challenged in court. Some of the other instances where Judiciary can exercise checks on the
Executive are discussed below.

Judicial Review
Judicial review is a type of court proceeding in which a judge reviews the lawfulness
of a decision or action made by a public body7. Judicial reviews are essentially a challenge to
the way in which a decision has been made rather than rights or wrongs of the conclusion

50. Separation of judiciary from executive.The State shall take steps to separate the judiciary from the

executive in the public services of the State.

http://www.judiciary.gov.uk/judgment_guidance/judicial_review/index.htm (visited on August 12, 2007)

reached. The courts do not substitute the decision of the public body by what it thinks is the
correct decision.

The following are some of the examples where judicial review can be exercised:

Decisions of local authorities in the exercise of their duties to provide various welfare
benefits and special education for children in need of such education;

Certain decisions of the immigration authorities and Immigration Appellate


Authority;

Decisions of regulatory bodies;

Decisions relating to prisoner's rights.

The concept of judicial review is sometimes alleged to become a form of judicial


encroachment on the other branches. In the words of Justice K. G. Balakrishnan, the Chief
Justice of India, The application to judicial review to determine constitutionality of the
legislation and to review the executive decision sometimes creates tension between the judge
and legislative and executive branch... such tension is natural and to some extent desirable 8.

Writs
Article 32 of the Constitution gives an extensive original jurisdiction to the Supreme
Court with regard to enforcement of Fundamental Rights. It is empowered to issue directions,
orders or writs, including writs in the nature of habeas corpus, mandamus, prohibition, quo
warranto and certiorari to enforce them9. The writs have been explained below.
A writ of habeas corpus is issued for releasing a citizen from illegal detention.
A writ of certiorari is issued for quashing an illegal order passed by an inferior
tribunal.
A writ of mandamus is issued to compel a public authority to perform its statutory
duty.
A writ of quo-warranto is issued to enquire into legality of a claim which a party
asserts to a Public Office, and to remove him from his enjoyment if the claim is not
well founded.

http://www.indianexpress.com/story/27889.html (visited on August 12, 2007


32. (2) The Supreme Court shall have power to issue directions or orders or writs, including writs in the nature
of habeas corpus, mandamus, prohibition, quo warranto and certiorari, whichever may be appropriate, for the
enforcement of any of the rights conferred by this Part.
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A writ of prohibition is issued by the Supreme Court or High Court to an inferior


court forbidding it to continue proceedings in a case in excess of its jurisdiction.
Thus it can be seen that writs can be used as tools to keep a check on the Executive and the
Judiciary.
Even Public Interest Litigations (PILs) can act as a very effective weapon in the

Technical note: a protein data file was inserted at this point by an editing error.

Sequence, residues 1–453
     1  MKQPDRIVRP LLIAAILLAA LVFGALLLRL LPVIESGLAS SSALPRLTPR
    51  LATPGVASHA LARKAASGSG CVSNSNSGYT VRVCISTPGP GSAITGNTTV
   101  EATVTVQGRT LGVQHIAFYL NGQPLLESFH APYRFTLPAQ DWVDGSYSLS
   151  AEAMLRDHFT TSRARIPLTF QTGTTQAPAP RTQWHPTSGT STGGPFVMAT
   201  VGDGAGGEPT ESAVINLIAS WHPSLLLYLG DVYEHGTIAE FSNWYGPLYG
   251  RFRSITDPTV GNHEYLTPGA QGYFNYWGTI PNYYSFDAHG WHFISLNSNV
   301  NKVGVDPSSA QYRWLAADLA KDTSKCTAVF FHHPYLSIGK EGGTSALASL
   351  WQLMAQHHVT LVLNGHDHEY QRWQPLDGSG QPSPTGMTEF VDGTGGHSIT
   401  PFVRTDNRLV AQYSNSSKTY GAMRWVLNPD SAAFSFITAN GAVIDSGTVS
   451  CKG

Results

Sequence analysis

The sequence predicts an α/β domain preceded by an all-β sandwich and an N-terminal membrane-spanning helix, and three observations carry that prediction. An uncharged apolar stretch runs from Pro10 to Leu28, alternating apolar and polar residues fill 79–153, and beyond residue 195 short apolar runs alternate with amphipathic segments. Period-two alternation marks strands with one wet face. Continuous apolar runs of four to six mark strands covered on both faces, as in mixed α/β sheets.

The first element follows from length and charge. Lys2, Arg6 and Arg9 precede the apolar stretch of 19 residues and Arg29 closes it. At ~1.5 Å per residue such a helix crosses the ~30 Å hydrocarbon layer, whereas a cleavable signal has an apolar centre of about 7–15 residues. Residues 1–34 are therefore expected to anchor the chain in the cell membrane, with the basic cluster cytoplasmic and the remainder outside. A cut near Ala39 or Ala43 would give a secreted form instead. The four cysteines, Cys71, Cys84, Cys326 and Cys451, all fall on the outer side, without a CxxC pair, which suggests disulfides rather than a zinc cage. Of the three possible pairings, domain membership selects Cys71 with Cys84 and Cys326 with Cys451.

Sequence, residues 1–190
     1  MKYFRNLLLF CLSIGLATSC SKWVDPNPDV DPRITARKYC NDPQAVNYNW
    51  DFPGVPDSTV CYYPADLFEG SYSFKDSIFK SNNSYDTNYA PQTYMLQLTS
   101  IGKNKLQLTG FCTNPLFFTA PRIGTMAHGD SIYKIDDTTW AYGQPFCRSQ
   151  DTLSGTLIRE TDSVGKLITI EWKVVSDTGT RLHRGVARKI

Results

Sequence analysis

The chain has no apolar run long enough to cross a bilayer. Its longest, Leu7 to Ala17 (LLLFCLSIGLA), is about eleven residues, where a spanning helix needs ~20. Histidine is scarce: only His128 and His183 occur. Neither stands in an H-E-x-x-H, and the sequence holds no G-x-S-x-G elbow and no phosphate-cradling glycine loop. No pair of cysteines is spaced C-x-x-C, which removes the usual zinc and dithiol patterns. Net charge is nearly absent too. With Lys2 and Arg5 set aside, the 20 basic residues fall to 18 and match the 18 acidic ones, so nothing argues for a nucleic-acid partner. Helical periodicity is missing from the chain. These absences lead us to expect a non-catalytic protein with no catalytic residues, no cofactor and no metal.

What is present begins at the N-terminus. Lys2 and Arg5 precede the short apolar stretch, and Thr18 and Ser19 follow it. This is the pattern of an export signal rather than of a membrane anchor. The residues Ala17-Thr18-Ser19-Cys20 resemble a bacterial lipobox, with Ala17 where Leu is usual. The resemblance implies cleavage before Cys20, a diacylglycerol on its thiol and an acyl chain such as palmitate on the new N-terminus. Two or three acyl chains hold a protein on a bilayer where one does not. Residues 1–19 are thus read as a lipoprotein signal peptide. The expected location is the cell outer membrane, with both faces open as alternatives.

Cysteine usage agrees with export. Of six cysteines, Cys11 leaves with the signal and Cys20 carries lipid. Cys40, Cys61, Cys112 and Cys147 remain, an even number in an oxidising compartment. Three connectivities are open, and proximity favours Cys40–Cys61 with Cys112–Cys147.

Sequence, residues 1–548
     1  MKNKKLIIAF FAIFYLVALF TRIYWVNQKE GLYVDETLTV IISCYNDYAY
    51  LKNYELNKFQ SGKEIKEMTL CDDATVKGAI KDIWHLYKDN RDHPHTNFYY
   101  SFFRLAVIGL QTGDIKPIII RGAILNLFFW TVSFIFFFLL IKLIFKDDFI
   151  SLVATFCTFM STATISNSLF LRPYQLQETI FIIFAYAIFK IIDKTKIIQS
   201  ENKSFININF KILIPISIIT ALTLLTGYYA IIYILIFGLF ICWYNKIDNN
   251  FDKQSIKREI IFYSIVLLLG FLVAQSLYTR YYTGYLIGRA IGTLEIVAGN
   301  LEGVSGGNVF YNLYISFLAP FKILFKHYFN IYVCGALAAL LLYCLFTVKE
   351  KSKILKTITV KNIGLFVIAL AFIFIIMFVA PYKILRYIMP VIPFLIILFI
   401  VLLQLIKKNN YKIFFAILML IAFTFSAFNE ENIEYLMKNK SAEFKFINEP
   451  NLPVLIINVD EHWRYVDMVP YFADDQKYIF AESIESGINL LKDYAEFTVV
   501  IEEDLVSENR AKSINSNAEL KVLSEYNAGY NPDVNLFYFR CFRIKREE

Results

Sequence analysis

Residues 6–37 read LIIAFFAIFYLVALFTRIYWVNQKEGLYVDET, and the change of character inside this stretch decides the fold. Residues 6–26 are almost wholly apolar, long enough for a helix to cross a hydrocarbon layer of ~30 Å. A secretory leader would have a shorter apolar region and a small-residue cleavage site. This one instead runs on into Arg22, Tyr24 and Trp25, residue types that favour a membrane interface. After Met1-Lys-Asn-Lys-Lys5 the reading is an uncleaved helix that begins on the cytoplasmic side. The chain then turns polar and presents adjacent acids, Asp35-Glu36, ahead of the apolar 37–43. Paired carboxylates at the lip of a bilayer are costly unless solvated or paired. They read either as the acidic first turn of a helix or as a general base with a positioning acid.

hands of the public to resort to the judiciary in order to keep the executive under control. But
PILs have also been criticized of being misused by a group of people who wanted to get some
publicity out of the proceedings, given the relatively easier procedure for initiating a case
against any Public Body.
Conversely, the Executive can also have some minimal control over the Judiciary in a
few cases. The courts are staffed by the judges nominated by the President or the Governor
who are the Executive heads of the nation and the states respectively. The Judiciary also has
to rely on the Executive branch for enforcement of their decisions. The judges of the courts
are appointed on the basis of nominations by the Executive heads. Besides, the power to
pardon an individual who had been handed over a very severe punishment lies with the
President who is the executive head of the nation, even if the decision has been supported by
the Supreme Court, which is the highest appellate body in the country.

CONCLUSION

On the basis of the above discussion it can be concluded that each branch of the government
has some influence over the actions of the others, but no branch can exercise its powers
without cooperation from the others. Each branch has some say in the work of the others as a
way to check and limit their powers, but no branch may encroach unconstitutionally upon the
domains of the other branches. In this system of separation of powers, with its checks and
balances, no branch of the government can accumulate too much power. But each branch and
the government generally, is supposed to have enough power to do what the people expect of
it. So the government is supposed to be both limited and strong: strong enough to be effective
in maintaining order, stability, and security for the people, but not strong enough to threaten
their liberty.
It can also be said that separation of powers is the hallmark of most democratic governments,
but the balance of powers among branches can differ in different political systems. The
United Kingdom's parliamentary system, for example, has much greater overlap between the
executive and the legislative branches. The party who wins a majority of seats in Parliament,

the United Kingdom's legislative body, chooses a member of its party to serve as prime
minister, the head of the executive branch. On the other hand, the government of the United
States of America, which was the first country to formally enact Montesquieus doctrine of
separation of powers, follows a strict demarcation of powers among the various branches of
the Government.
Other institutions outside government also serve as checks and balances on the powers of the
executive, the legislature, and the judiciary. These include a free press that can investigate
and report on government actions, non-governmental organizations that advocate for different
interests, and the power of the people in whom government authority ultimately rests.